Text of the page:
By RICHIE MALOUF | THE CENTER SQUARE
U.S. President Joe Biden on Tuesday appointed two federal officials as the administration’s monkeypox coordinators.
Biden named Federal Emergency Management Agency’s Robert Fenton as the White House National Monkeypox Response Coordinator and Dr. Demetre Daskalakis as the Deputy Coordinator.
Since May 18, the number of cases of monkeypox has gone from 1 to 5,811 in the United States. Alaska has one confirmed case. Nearly all cases are among gay men having sex with multiple partners and spreading the disease among the gay community.
“We look forward to partnering with Bob Fenton and Demetre Dasklalakis as we work to end the monkeypox outbreak in America,” said U.S. Secretary of Health and Human Services Xavier Becerra. “Bob’s experience in federal and regional response coordination, and Demetre’s vast knowledge of our public health systems’ strengths and limits will be instrumental as we work to stay ahead of the virus and advance a whole-of-government response.”
This announcement comes after California, New York, and Illinois have declared state emergencies amid rising monkeypox cases.
The U.S. Centers for Disease Control and Prevention (CDC) has reported 5,811 cases throughout the United States, and the White House plans to accelerate its response to the outbreak and distribute the necessary medical supplies to those who need them.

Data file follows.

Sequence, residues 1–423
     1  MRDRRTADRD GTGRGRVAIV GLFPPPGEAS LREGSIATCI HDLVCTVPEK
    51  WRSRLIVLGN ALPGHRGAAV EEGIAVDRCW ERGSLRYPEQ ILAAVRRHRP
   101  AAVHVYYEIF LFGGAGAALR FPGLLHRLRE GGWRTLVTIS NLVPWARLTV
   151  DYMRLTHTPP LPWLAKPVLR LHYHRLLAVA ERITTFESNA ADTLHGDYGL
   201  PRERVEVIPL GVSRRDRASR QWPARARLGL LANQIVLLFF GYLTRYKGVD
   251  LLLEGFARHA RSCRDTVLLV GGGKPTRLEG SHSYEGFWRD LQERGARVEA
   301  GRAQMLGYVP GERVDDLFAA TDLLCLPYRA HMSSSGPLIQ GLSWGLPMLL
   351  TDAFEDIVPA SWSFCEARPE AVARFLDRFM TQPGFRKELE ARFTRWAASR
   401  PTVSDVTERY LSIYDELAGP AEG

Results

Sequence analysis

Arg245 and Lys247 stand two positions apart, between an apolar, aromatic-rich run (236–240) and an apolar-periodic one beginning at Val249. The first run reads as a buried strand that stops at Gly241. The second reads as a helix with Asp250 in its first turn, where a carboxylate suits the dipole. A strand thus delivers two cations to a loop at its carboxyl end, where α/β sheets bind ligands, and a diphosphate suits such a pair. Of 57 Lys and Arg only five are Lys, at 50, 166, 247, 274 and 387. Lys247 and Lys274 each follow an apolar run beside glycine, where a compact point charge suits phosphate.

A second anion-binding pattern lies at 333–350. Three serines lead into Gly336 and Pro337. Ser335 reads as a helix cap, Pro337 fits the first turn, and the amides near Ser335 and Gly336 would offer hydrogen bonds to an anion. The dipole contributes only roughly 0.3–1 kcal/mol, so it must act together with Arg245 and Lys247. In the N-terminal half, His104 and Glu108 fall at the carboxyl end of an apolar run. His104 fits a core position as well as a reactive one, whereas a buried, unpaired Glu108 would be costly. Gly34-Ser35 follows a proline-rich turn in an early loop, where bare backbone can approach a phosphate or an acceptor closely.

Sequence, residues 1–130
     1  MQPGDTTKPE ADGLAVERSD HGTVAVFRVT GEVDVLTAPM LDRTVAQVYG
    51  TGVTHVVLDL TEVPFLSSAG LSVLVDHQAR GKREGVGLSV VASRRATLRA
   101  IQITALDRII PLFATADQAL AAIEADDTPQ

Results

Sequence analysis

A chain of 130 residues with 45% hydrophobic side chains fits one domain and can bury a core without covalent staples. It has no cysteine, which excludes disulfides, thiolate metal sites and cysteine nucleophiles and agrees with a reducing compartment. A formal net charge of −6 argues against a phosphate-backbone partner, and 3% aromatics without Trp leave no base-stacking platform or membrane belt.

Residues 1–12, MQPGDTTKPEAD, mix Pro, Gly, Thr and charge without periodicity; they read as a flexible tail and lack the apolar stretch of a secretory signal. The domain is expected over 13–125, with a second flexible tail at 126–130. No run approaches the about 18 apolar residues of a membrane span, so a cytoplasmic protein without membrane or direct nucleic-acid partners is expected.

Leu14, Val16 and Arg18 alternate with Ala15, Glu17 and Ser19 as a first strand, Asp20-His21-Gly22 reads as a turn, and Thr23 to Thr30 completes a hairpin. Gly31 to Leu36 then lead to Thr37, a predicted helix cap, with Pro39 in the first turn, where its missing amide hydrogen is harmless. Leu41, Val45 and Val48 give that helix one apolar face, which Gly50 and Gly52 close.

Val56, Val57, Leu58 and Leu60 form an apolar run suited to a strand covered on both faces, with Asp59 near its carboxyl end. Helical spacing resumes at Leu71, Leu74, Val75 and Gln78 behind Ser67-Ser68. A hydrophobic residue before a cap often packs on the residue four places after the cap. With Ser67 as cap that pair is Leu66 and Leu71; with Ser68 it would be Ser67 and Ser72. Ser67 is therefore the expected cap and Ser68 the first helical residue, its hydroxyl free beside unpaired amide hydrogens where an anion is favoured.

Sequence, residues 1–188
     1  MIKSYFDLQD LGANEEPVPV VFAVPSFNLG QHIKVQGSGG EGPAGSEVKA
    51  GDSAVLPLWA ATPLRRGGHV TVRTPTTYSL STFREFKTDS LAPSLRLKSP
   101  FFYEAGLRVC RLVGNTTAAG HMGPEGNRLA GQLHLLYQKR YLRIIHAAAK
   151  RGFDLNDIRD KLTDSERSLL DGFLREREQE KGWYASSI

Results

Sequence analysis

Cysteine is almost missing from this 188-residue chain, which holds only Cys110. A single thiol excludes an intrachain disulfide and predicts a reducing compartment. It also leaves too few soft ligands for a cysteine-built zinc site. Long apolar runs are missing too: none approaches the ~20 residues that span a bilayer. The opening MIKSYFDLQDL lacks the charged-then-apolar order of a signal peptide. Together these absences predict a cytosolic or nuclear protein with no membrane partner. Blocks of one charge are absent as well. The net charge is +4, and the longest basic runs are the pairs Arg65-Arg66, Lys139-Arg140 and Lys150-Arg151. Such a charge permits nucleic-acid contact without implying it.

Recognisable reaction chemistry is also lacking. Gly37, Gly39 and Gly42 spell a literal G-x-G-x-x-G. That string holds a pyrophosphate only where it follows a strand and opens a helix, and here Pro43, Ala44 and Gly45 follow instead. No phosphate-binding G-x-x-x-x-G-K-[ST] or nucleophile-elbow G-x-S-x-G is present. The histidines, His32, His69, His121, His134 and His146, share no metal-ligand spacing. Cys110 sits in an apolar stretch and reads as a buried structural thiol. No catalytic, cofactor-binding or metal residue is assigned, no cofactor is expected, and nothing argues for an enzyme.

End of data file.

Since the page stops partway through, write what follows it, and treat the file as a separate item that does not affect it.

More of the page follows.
“The Administration has made over 1.1 million doses of vaccine available to states and cities across the country to control the spread of the virus, has expanded testing capacity from 6,000 tests per week to over 80,000 tests per week, and has communicated regularly with providers and local health departments encouraging them to utilize tests more often,” the White House said. “The Administration also recently launched its monkeypox research agenda, aiming to galvanize the international community to identify and address gaps in information on the virus to accelerate and strengthen the global response.”
The administration estimates that its response may require up to $7 billion for tests, vaccines, and treatment options, according to a memo retrieved by The Washington Post.
Unlike the COVID-19 virus, the Monkeypox virus spreads most commonly through close skin-to-skin contact, not through breathing in airborne particles.
The White House said it would coordinate efforts to ramp up its response to rising case numbers and help those most in need.
“Over the coming weeks, under the leadership of Fenton and Daskalakis, the Administration will advance and accelerate the United States’ monkeypox response to mitigate the spread of the virus, protect individuals most at risk of contracting the virus, and care for those who have been afflicted with it,” the White House said.